The Irish “no” to the European Union’s modernization blueprint has fueled a new round of skeptical American commentary about Europeans’ real ambitions. “In Europe, a Slide Toward Irrelevance” was the title of an opinion piece in the Washington Post by Robert Kagan, a foreign-policy adviser to Republican presidential candidate John McCain. “The danger of this latest blow to European confidence is that our allies, including Britain, could gradually sink into global irrelevance,” Kagan wrote.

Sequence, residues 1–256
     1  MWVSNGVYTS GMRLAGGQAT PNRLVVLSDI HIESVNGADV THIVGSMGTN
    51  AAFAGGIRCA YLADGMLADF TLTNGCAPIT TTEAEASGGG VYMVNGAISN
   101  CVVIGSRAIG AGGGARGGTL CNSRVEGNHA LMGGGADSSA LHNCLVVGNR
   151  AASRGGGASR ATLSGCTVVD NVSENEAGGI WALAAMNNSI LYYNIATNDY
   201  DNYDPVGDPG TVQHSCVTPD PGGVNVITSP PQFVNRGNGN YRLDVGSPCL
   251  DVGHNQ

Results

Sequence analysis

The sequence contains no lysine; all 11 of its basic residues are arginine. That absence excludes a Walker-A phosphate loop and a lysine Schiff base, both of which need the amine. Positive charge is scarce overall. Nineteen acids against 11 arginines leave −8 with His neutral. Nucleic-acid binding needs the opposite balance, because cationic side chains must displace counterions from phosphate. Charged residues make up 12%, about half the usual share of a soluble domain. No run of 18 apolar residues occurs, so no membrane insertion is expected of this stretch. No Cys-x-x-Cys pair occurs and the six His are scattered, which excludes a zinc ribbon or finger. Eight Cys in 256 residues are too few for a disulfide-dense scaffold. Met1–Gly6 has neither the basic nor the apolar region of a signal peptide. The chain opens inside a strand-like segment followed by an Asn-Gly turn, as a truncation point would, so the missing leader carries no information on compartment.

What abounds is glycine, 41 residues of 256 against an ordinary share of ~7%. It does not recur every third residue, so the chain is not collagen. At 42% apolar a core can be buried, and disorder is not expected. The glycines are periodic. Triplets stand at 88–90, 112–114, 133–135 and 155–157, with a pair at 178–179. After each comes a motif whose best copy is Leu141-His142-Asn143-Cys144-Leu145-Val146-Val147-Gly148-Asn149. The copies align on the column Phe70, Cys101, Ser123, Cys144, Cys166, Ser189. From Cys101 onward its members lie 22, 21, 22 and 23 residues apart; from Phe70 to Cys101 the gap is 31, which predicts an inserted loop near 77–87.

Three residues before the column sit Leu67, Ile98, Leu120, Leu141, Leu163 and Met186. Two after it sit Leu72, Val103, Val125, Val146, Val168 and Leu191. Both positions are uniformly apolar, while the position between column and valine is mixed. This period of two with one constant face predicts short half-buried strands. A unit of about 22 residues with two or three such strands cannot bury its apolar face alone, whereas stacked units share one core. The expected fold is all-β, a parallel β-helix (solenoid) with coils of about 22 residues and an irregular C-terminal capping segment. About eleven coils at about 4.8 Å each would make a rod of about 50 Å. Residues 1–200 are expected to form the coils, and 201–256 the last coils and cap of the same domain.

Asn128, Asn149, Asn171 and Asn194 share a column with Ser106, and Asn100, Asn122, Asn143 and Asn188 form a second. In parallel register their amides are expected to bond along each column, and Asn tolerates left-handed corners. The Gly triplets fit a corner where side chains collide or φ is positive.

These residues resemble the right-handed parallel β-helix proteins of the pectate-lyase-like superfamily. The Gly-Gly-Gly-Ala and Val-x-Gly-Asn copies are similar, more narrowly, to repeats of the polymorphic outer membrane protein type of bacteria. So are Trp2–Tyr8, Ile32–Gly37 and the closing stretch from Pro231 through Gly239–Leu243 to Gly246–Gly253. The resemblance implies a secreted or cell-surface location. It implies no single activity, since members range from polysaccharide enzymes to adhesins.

When then-Prime Minister Tony Blair went to the podium of the European Parliament in June 2005, he spoke at one of the darkest hours in the history of the European Union. The assembly was reeling under the shock of seeing the draft Constitution repudiated by voters in France. When Blair finished speaking an hour later, the parliamentarians rose to their feet in applause, galvanized by the British leader’s apparently undimmed enthusiasm for the potential of European unity to help Europeans safeguard their societies. Blair did not disguise his formula for success: governments needed to change and liberalize their economies or else see their societies succumb to extremism as they suffocated under the pressures of globalization.
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